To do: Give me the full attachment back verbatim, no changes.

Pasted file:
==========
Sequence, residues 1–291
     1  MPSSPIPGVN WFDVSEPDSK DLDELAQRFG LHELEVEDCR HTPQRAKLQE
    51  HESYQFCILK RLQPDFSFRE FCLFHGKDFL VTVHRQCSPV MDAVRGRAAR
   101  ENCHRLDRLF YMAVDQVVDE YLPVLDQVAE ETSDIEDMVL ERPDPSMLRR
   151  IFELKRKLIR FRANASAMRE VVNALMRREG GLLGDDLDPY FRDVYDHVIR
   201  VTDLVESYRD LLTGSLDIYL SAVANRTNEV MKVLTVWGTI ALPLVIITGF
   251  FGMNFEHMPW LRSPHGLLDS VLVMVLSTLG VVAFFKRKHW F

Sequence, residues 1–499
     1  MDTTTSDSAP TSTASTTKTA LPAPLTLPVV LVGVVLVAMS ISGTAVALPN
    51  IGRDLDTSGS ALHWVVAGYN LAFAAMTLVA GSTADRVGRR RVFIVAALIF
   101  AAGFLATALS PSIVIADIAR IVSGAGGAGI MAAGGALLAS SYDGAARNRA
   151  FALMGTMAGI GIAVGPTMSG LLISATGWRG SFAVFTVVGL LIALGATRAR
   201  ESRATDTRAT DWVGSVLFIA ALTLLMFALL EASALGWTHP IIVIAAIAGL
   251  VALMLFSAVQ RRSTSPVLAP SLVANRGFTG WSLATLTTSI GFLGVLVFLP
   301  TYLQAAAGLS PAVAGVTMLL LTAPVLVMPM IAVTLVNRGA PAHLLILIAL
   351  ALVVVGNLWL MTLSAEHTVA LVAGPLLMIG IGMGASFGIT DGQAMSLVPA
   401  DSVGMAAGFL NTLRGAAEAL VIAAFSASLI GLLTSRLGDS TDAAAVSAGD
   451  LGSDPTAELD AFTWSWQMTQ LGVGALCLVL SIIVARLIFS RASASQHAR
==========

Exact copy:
Sequence, residues 1–291
     1  MPSSPIPGVN WFDVSEPDSK DLDELAQRFG LHELEVEDCR HTPQRAKLQE
    51  HESYQFCILK RLQPDFSFRE FCLFHGKDFL VTVHRQCSPV MDAVRGRAAR
   101  ENCHRLDRLF YMAVDQVVDE YLPVLDQVAE ETSDIEDMVL ERPDPSMLRR
   151  IFELKRKLIR FRANASAMRE VVNALMRREG GLLGDDLDPY FRDVYDHVIR
   201  VTDLVESYRD LLTGSLDIYL SAVANRTNEV MKVLTVWGTI ALPLVIITGF
   251  FGMNFEHMPW LRSPHGLLDS VLVMVLSTLG VVAFFKRKHW F

Sequence, residues 1–499
     1  MDTTTSDSAP TSTASTTKTA LPAPLTLPVV LVGVVLVAMS ISGTAVALPN
    51  IGRDLDTSGS ALHWVVAGYN LAFAAMTLVA GSTADRVGRR RVFIVAALIF
   101  AAGFLATALS PSIVIADIAR IVSGAGGAGI MAAGGALLAS SYDGAARNRA
   151  FALMGTMAGI GIAVGPTMSG LLISATGWRG SFAVFTVVGL LIALGATRAR
   201  ESRATDTRAT DWVGSVLFIA ALTLLMFALL EASALGWTHP IIVIAAIAGL
   251  VALMLFSAVQ RRSTSPVLAP SLVANRGFTG WSLATLTTSI GFLGVLVFLP
   301  TYLQAAAGLS PAVAGVTMLL LTAPVLVMPM IAVTLVNRGA PAHLLILIAL
   351  ALVVVGNLWL MTLSAEHTVA LVAGPLLMIG IGMGASFGIT DGQAMSLVPA
   401  DSVGMAAGFL NTLRGAAEAL VIAAFSASLI GLLTSRLGDS TDAAAVSAGD
   451  LGSDPTAELD AFTWSWQMTQ LGVGALCLVL SIIVARLIFS RASASQHAR